The benchmark for American crude, called the West Texas Intermediate (WTI), fell below $80 per barrel for the first time in more than two years in trading today before staging a small rally. Similarly, Brent crude, Europe’s benchmark, traded below $83 per barrel, a four-year low, before seeing a slight rebound on what Reuters explains to be “technical buying ahead of options expiry for U.S. crude oil and contract expiry for Brent crude.”But temporary rebound notwithstanding, there’s no denying that this is a bear market for crude oil. Brent prices have dropped by more than 28 percent since June, while WTI has tumbled nearly 25 percent in that same time period. Weak demand has collided with an oversupplied market, partly due to Libyan supplies coming back online after protracted disruptions, and, of course, in part due to booming supplies out of the suddenly shale-rich America.The question on everyone’s minds is, where is OPEC? The cartel of petrostates has colluded in the past to cut production to keep prices artificially high, yet the organization’s largest producer and, historically, the one most likely to take the lead on these cuts—Saudi Arabia—has cut prices, not production, in recent weeks.The Saudis have actually offered discounts to customers, especially in Asia, in a bid to gain market share in the midst of this price rout. Kuwait wasted little time in following suit, and, somewhat surprisingly, Iran even joined in, saying it could live with lower oil prices. With the exception of Iran, the countries seemingly most content with declining prices are also the ones with relatively low breakeven prices—that is, the price at which these petrostates need to sell their oil in order to balance their budgets.Venezuela, a country teetering on the brink of default, needs to sell its black gold at $121 per barrel just to stay in the black. Caracas has been outspoken about its calls for an emergency meeting of the cartel, too impatient to wait for OPEC’s already scheduled meeting in late November. Those calls have fallen on deaf ears, and, as the WSJ reports, many analysts think OPEC won’t choose to cut production when it meets next month:
Continued opposition by Saudi Arabia, Kuwait and the U.A.E., however, now makes any cut highly unlikely. Gulf nations worry any reduction in the limit on OPEC production would lead to them losing share in global oil markets, the people familiar with the matter said, even if that means oil prices keep dropping.“Saudi Arabia and the rest of the Gulf countries have no intention whatsoever to accept the idea of a cut at the November meeting,” one Gulf OPEC official said. “If we are going to end up with lower market share and prices will fall anyway, let’s stick to market share.”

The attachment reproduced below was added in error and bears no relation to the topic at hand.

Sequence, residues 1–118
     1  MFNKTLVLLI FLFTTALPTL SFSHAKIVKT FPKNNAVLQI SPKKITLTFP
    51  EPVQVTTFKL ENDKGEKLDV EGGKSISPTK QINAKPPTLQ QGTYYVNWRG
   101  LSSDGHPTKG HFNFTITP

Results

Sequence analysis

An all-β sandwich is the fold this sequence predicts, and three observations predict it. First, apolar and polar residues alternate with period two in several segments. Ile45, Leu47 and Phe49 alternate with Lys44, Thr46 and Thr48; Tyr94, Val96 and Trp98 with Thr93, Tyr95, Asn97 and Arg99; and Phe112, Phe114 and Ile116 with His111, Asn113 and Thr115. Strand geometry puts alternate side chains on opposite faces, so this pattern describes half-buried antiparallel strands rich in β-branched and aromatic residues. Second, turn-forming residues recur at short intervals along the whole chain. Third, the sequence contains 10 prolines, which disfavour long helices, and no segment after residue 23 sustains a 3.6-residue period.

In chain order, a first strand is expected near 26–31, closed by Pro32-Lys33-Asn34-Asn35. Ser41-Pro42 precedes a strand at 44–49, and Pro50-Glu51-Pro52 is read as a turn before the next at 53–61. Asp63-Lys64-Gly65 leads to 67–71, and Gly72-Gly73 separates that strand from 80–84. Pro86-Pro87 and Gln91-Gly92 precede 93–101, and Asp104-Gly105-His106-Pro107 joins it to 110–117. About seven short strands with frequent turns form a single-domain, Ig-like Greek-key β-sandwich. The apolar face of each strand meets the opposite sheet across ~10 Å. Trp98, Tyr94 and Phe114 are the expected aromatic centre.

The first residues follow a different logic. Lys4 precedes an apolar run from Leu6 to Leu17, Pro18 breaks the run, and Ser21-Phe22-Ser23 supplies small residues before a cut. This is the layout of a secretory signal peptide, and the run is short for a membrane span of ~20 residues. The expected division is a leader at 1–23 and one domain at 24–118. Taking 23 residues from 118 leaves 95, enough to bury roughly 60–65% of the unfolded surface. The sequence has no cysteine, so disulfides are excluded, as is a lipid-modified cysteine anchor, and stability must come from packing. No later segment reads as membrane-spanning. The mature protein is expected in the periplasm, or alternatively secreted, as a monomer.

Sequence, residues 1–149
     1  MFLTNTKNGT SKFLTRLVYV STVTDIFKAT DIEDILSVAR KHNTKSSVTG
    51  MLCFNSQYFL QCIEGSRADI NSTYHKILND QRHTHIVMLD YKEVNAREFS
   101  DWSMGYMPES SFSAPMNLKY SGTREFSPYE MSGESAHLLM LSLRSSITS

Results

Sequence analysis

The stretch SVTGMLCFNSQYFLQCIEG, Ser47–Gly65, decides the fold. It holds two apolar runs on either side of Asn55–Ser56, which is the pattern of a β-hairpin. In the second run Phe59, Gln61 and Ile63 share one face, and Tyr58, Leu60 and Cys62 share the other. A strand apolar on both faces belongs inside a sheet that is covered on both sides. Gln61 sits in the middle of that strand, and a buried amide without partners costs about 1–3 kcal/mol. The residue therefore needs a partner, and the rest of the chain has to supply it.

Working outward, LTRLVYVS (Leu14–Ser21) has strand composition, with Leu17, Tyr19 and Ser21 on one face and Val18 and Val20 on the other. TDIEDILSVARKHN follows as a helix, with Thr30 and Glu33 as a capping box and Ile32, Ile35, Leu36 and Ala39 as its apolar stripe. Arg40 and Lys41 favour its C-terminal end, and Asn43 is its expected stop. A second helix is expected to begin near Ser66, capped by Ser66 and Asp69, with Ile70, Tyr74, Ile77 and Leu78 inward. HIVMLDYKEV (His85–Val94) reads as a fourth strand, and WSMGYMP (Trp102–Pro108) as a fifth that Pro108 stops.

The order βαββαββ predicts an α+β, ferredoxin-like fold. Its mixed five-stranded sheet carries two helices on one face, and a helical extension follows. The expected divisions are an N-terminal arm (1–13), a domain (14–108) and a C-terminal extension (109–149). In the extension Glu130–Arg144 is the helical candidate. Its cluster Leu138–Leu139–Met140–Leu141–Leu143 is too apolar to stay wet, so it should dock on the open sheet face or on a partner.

There has been some speculation that the Saudis may be looking to abdicate their role as OPEC’s (and therefore the world’s) de facto swing supplier, banking on the fact that U.S. shale producers, the new kids on the block, will soon have to cut production because fracking will cease to be profitable. America’s unconventional oil drilling tends to be more expensive; the IEA recently announced that at $80 per barrel, 96 percent of shale drilling would still be profitable, but if WTI prices were to dip much lower, the shale boom would hit a considerable hurdle.We’re not there yet, and in fact the price of oil today exists in a kind of sweet spot: high enough to continue to incentivize U.S. fracking, but low enough to benefit American consumers (average gas prices in the U.S. are at their lowest level since 2011) and stymie some of America’s geopolitical opponents. Russia, for example, needs oil to trade above $100 per barrel to balance its budget.The Saudi strategy isn’t unlike a game of chicken. The Saudi breakeven price hovers around $93 per barrel, and while it can afford to operate in the red to gain market share for now, it may not be able to do so in the long term. Banking on American shale production cuts may be a bigger gamble than the Saudis expect, too: it will take some time for the market to shift and fracking to draw down, even if prices continue to plunge.And U.S. shale has a final trump card: innovation. Though fracked wells have steep decline rates, drillers continue to optimize rigs and maximize output while minimizing costs. Bloomberg reports that shale firms have driven costs down by as much as $30 per barrel since 2012, and one analyst surmised that “[t]he profit margin on most commercial unconventional oil plays will support prices as low as $50, many below that even.”It’s difficult to predict what happens next, but for now, the United States seems to be sitting pretty while many of the world’s petrostates—including a number of America’s geopolitical adversaries—are feeling the pinch. We’ll be watching.